Phi Beta Cons

School Choice Back in the Supreme Court

Eight years after the Supreme Court ruled that Cleveland, Ohio’s school-voucher program was constitutional even when parents used vouchers to directly pay tuition at private, religious schools, the constitutionality of school choice is back before the Supreme Court, this time with a twist. In spite of the Supreme Court’s definitive ruling in Zelman v. Harris, the Ninth Circuit last year struck down a key aspect of Arizona’s school-choice program, which provided tax credits for donations to organizations that provide scholarship funds for K-12 schools. These organizations provide tuition funds for both religious and secular schools, and the Ninth Circuit held that the program violated the Establishment Clause.

This ruling was inexplicable in light of Zelman, and I was not surprised to see the Supreme Court agree to hear Arizona’s appeal (and it’s still considering a similar petition filed by the indomitable attorneys at the Institute for Justice). The twist, however, came when the Court also granted the Arizona Christian School Tuition Organization’s cert petition. This petition, filed by my colleagues at the Alliance Defense Fund Center for Academic Freedom, challenges the standing of the plaintiffs in the case. As Jordan Lorence explains over at the Academic Freedom File, our assertion is that the plaintiffs have not suffered any harm as a result of the Arizona program, and without suffering any harm, they cannot challenge the constitutionality of the program. No tax money goes to private religious schools under the program, and there is a real possibility, in fact, that the program actually saves Arizona taxpayers money by decreasing the number of students educated in public schools.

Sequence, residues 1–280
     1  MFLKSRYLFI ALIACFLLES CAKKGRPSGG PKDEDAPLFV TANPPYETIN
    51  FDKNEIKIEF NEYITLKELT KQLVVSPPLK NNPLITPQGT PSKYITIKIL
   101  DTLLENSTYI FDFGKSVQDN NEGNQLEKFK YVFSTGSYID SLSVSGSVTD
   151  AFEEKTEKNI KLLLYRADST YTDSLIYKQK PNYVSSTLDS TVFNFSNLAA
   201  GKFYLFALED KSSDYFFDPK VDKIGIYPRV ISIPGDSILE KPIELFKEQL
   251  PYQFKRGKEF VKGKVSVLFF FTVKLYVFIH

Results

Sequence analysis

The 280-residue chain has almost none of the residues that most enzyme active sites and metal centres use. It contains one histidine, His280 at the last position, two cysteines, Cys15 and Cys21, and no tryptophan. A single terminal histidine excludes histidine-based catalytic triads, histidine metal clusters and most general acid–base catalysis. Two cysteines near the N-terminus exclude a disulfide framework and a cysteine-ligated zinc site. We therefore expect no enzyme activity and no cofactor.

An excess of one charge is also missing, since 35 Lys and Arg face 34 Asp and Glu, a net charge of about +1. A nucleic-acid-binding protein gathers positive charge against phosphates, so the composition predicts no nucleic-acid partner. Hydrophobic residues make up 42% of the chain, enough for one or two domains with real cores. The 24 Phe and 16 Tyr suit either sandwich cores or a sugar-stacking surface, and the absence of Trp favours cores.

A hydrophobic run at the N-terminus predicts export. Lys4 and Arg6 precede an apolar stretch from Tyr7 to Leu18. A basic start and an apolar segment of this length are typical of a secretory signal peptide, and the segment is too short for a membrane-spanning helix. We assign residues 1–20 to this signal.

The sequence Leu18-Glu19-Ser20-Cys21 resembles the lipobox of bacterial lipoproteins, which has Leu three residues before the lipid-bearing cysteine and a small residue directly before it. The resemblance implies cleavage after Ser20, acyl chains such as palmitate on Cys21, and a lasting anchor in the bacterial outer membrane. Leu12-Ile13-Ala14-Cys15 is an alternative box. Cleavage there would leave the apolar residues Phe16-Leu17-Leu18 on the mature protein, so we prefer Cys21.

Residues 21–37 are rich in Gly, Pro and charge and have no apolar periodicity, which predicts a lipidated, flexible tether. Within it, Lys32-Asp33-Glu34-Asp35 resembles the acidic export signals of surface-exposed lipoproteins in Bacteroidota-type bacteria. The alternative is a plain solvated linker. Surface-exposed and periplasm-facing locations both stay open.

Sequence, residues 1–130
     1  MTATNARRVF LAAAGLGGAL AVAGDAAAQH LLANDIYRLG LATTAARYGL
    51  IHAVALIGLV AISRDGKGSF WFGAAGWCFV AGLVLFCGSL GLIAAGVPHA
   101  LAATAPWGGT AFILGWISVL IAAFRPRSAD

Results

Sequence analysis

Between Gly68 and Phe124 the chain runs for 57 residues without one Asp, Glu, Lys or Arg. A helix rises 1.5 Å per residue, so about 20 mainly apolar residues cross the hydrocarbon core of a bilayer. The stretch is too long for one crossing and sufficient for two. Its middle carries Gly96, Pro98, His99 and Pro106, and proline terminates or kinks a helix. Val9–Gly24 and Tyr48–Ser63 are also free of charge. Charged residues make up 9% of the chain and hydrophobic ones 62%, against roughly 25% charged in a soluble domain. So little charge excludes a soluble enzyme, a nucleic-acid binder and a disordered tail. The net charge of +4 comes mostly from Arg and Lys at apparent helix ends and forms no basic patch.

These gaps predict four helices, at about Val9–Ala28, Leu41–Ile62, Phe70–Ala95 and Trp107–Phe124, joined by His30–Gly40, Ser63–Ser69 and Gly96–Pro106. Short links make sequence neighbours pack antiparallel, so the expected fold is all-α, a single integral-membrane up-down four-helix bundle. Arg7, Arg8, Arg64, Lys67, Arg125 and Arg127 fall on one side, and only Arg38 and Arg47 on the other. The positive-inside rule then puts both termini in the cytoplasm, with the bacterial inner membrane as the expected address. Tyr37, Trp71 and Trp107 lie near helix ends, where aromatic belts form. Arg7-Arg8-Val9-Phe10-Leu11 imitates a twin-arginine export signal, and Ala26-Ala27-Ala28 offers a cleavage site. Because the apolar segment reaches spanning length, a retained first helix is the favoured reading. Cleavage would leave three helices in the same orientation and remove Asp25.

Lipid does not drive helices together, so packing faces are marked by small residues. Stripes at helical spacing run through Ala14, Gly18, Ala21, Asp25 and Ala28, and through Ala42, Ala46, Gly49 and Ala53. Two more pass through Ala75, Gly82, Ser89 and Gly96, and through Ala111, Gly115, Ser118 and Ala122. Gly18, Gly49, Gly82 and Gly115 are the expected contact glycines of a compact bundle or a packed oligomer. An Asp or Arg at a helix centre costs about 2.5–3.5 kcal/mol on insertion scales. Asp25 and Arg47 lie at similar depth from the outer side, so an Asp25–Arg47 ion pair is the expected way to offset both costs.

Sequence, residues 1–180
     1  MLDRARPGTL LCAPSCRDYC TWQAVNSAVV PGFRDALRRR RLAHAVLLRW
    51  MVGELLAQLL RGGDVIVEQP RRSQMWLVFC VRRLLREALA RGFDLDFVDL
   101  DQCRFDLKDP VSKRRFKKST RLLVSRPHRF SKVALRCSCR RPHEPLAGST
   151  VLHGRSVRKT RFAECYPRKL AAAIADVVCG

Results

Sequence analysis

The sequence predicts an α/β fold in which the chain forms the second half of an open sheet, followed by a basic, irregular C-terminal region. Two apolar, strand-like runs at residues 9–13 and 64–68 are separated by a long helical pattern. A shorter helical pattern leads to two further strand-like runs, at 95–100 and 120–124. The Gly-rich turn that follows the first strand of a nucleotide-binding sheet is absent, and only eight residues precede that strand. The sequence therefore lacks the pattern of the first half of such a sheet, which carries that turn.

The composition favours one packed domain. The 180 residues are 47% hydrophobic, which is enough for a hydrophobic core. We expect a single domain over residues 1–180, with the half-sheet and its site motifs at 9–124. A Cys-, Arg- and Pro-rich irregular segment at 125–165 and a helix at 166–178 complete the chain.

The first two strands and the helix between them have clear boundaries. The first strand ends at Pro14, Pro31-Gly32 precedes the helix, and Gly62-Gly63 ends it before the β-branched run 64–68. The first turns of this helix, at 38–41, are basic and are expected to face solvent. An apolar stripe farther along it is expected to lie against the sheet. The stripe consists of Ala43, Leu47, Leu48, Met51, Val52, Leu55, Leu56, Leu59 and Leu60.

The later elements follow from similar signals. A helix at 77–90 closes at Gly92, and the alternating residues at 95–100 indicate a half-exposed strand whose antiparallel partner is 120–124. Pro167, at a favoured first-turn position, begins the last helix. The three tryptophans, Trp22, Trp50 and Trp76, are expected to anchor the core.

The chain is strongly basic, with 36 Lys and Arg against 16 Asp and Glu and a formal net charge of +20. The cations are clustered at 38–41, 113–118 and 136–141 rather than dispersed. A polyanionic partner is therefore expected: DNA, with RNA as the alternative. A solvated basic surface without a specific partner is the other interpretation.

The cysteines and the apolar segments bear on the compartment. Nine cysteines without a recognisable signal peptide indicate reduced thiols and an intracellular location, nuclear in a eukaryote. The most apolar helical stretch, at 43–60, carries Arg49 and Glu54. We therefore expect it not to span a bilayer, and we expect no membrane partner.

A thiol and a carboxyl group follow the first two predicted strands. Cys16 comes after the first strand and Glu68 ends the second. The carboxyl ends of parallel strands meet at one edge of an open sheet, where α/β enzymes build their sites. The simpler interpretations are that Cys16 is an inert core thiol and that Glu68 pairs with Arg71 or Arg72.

Stay tuned . . . the Ninth Circuit’s ruling on the merits constituted a direct assault on Supreme Court precedent and on the ability of states to maximize parental choice as an element of school reform; while its standing ruling allowed virtually anyone to stampede into court to undo the results of the democratic process, regardless of whether they’d suffered any actual harm as a result of the challenged reforms.

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